Viewpoint: What are BNP supporters really like?

BNP activists

Many people believe the far right has only irrational, isolated supporters and could never succeed in the UK. They're wrong, says Matthew Goodwin.

About seven years ago, when I was a PhD student, I got into my clapped out Nissan Micra and trundled down to the south-west of England to interview a lady about why she had got involved in politics.

Sharon was in her early 50s, and reminded me a bit of my mum. Over the next few hours and cups of tea, I listened to her story.

Sharon was born and raised in the local village. She knew everyone, and devoted much of her spare time to helping the Residents Association. She was never really that interested in politics. Her husband was a Conservative, but she only went along to the meetings because she liked the sandwiches.

But then, over the years, things began to change. For Sharon, it seemed as though the way of life she had become accustomed to was under threat.

She talked about feeling a sense of injustice about what had been perpetrated on her fellow citizens - our increasing involvement with Europe, the loss of our manufacturing base, a dwindling sense of respect among young people and the creeping advance of political correctness.

Find out more

Matthew Goodwin
  • Matthew Goodwin is the author of a number of works on the BNP, and an expert in electoral behaviour and extremism at the University of Nottingham
  • His episode of Four Thought is on BBC Radio 4 on 28 September 2011 at 20:45 BST

But more than anything, she was concerned about a new phase of immigration into the country. She was profoundly anxious, especially about the impact of this rapid and unsettling change on her friends and loved ones.

Her concern wasn't simply about the economy. It stemmed from her feeling that British culture, values and the national community were under threat.

Sharon was Jewish, and the party that she decided to join was the British National Party. Though aware of its history of anti-Semitism and holocaust denial, for her the far right was the only movement that was serious about tackling the threat from Islam.

But as she quickly found out, involvement with the far right comes with consequences. Some of her friends stopped returning her calls - after 17 years the Residents Association no longer required her help. When she stood for the party at an election, her employer threatened to have her dismissed.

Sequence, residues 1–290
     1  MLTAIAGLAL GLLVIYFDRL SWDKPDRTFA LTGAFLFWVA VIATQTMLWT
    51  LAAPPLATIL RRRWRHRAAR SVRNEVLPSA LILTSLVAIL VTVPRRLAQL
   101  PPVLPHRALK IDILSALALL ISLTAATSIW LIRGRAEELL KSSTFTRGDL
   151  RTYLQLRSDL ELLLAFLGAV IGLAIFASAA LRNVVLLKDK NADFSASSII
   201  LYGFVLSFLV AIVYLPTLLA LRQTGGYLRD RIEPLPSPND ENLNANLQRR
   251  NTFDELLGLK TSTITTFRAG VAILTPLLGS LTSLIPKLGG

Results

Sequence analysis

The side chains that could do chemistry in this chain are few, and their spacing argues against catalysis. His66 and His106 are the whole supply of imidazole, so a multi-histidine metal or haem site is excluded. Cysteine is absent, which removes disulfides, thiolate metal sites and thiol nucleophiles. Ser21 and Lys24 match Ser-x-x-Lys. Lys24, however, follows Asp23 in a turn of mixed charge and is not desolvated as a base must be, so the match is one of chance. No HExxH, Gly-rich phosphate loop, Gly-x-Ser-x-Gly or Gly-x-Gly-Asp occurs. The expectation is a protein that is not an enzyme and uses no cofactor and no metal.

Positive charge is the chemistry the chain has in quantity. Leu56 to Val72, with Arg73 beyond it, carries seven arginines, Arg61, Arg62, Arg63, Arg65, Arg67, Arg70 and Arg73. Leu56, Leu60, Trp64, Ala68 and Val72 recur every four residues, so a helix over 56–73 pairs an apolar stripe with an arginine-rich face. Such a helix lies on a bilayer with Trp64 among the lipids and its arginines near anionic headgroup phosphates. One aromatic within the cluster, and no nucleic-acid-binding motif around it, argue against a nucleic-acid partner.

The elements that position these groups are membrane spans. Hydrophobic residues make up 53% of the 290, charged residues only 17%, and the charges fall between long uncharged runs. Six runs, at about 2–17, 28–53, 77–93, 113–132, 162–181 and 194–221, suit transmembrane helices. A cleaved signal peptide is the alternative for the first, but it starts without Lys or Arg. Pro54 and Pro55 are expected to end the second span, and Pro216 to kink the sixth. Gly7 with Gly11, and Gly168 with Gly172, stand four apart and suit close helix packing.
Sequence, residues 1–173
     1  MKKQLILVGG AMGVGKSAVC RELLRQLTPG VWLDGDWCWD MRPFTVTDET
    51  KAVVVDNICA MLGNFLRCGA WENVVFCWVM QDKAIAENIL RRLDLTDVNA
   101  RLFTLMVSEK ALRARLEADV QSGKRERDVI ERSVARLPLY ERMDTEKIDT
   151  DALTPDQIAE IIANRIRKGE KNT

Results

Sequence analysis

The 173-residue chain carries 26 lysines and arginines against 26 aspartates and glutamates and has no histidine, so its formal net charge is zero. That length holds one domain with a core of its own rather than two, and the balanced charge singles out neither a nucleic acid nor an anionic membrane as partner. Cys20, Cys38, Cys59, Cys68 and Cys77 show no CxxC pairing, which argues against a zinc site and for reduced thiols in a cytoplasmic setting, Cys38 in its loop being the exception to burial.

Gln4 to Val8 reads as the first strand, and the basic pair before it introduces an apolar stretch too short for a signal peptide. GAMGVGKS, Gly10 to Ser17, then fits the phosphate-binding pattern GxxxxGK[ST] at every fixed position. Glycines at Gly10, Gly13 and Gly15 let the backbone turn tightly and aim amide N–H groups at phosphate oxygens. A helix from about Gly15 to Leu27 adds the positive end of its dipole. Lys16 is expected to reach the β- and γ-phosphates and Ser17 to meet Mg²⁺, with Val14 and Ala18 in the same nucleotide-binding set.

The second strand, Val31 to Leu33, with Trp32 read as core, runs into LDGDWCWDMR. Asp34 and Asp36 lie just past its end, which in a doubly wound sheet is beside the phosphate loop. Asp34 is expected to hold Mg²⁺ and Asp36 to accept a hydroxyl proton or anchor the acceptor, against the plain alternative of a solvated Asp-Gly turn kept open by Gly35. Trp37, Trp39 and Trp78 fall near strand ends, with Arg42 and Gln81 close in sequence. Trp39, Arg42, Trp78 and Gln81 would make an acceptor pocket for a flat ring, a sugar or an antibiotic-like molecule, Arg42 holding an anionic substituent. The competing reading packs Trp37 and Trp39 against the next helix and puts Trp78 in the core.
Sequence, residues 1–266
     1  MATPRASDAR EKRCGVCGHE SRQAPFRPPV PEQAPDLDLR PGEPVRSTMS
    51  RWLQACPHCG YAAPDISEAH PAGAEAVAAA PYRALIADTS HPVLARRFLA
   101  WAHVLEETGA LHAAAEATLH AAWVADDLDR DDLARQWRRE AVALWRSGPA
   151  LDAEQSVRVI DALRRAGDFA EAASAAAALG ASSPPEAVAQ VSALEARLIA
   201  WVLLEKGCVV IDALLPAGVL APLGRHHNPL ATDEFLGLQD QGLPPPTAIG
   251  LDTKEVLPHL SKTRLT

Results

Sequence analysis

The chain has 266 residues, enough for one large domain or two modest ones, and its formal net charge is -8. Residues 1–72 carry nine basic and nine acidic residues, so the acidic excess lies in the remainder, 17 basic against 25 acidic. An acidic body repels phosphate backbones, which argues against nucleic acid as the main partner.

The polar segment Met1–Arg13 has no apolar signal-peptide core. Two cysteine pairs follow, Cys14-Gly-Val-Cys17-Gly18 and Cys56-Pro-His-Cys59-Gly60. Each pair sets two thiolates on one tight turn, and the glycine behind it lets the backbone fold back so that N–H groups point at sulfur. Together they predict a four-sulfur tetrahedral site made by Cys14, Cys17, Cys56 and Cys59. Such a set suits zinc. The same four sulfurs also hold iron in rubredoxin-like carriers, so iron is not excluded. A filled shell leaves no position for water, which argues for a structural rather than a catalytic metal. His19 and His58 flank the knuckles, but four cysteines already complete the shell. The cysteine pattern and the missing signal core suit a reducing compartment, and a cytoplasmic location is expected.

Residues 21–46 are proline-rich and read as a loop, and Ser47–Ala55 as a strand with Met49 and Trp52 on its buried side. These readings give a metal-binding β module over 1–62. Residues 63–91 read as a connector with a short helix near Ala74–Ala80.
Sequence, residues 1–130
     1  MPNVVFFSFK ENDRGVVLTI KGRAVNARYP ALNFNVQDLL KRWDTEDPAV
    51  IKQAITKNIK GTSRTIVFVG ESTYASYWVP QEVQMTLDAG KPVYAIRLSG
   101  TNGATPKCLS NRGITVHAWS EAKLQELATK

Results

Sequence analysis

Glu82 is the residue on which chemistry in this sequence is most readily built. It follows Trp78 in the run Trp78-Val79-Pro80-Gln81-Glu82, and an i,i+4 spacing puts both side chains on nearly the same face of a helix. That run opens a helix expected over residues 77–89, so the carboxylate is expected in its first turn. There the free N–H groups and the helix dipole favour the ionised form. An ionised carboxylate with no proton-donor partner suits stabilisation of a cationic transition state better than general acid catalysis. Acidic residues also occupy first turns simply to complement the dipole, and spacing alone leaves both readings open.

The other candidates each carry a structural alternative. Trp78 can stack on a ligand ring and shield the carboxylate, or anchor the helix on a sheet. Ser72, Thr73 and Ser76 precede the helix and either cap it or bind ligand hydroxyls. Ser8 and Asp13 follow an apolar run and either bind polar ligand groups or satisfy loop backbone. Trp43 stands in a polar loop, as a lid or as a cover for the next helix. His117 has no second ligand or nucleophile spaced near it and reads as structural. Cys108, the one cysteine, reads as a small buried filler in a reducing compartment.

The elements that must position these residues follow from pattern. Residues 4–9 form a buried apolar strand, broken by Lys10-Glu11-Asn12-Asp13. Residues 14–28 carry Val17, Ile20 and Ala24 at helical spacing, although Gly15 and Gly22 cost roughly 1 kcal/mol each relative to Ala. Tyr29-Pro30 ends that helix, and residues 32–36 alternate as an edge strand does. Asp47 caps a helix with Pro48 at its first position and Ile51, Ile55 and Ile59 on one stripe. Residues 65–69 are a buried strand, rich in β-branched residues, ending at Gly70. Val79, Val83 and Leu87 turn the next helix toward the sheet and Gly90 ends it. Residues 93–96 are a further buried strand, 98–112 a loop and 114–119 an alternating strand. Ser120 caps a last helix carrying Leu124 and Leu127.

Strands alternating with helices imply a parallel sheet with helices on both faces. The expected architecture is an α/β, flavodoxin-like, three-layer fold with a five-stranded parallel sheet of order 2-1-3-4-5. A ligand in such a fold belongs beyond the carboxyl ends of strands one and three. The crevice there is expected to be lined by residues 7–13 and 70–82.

Then one night, when home alone, Sharon was woken by a car full of anti-fascists who pulled up outside to shout abuse. Sharon told me she could handle all of that, but what really hurt, she explained, was that she was reviled by the very people that she was fighting to protect.

When I asked Sharon why, despite all of these consequences, she carries on there was little hesitation: "Because doing nothing is not an option. I am fighting for the survival of my people."

I spent the next four years travelling up and down the country to interview some of the most committed followers of the far right. Conventional wisdom tells us there is something "wrong" with people like Sharon. Implicit in the stereotypes is that they are driven by crude racism, irrational impulses, and psychological problems.

The inadequacy of these stereotypes became quickly apparent during the interviews. On the whole, most of the activists appeared as relatively normal people.

Protest at the BBC When the party leader appeared on Question Time, there were protests at the BBC

Rather than isolated, they seemed well connected to their local communities. Rather than irrational, they had a clearly defined and coherent set of goals. Rather than psychologically damaged, they seemed balanced, reasonable and articulate.

Clearly, there were some exceptions, but the point is that these were very much the exception rather than the norm. Like Sharon, most of these supporters were neither Nazis nor fascists. More than anything, they were a group of citizens who were profoundly concerned about the effects of immigration and rising diversity on their communities and the country.

Driving back from that first interview with Sharon, my mind wandered to my own grandparents who had expressed similar though not as extreme views about the scale and pace of immigration. I used to ask them why they never supported parties like the BNP, or the old National Front and they would look at me as though I were mad: "The Blackshirts?', they would say, "oh no, we'd never vote for that lot."

Implicit in their reaction is a sentiment firmly entrenched in the collective British mindset - that no matter how bad things get, Britain is immune to the appeals of extremists. It is difficult to quantify, but centres on the notion there is just something fundamentally "unBritish" about supporting extremists.

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The far right reeks of history - if voters cannot tell your party apart from Oswald Mosley's Blackshirts, you know you are failing to connect”

End Quote

The British story has contrasted sharply with experiences across the Channel where since the 1980s the far right has moved from the margins to the mainstream. In Britain, by contrast, from one election to the next, the far right was the dog that refused to bark.